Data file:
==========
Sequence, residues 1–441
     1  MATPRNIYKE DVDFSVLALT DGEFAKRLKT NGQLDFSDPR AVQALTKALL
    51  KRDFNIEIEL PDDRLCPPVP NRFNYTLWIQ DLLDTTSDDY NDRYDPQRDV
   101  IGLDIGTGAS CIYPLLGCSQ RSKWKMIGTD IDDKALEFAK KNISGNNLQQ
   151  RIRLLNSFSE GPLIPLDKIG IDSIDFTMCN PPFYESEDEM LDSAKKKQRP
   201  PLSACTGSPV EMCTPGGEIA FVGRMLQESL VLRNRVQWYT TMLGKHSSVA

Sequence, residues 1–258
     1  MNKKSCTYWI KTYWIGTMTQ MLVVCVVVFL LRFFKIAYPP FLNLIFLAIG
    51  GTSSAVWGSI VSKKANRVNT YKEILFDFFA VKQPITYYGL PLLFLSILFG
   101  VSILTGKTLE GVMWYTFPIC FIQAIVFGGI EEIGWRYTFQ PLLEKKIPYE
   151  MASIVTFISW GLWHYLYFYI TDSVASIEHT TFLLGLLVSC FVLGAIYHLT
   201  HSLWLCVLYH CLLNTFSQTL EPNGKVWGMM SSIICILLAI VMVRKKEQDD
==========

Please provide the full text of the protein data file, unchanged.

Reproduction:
Sequence, residues 1–441
     1  MATPRNIYKE DVDFSVLALT DGEFAKRLKT NGQLDFSDPR AVQALTKALL
    51  KRDFNIEIEL PDDRLCPPVP NRFNYTLWIQ DLLDTTSDDY NDRYDPQRDV
   101  IGLDIGTGAS CIYPLLGCSQ RSKWKMIGTD IDDKALEFAK KNISGNNLQQ
   151  RIRLLNSFSE GPLIPLDKIG IDSIDFTMCN PPFYESEDEM LDSAKKKQRP
   201  PLSACTGSPV EMCTPGGEIA FVGRMLQESL VLRNRVQWYT TMLGKHSSVA

Sequence, residues 1–258
     1  MNKKSCTYWI KTYWIGTMTQ MLVVCVVVFL LRFFKIAYPP FLNLIFLAIG
    51  GTSSAVWGSI VSKKANRVNT YKEILFDFFA VKQPITYYGL PLLFLSILFG
   101  VSILTGKTLE GVMWYTFPIC FIQAIVFGGI EEIGWRYTFQ PLLEKKIPYE
   151  MASIVTFISW GLWHYLYFYI TDSVASIEHT TFLLGLLVSC FVLGAIYHLT
   201  HSLWLCVLYH CLLNTFSQTL EPNGKVWGMM SSIICILLAI VMVRKKEQDD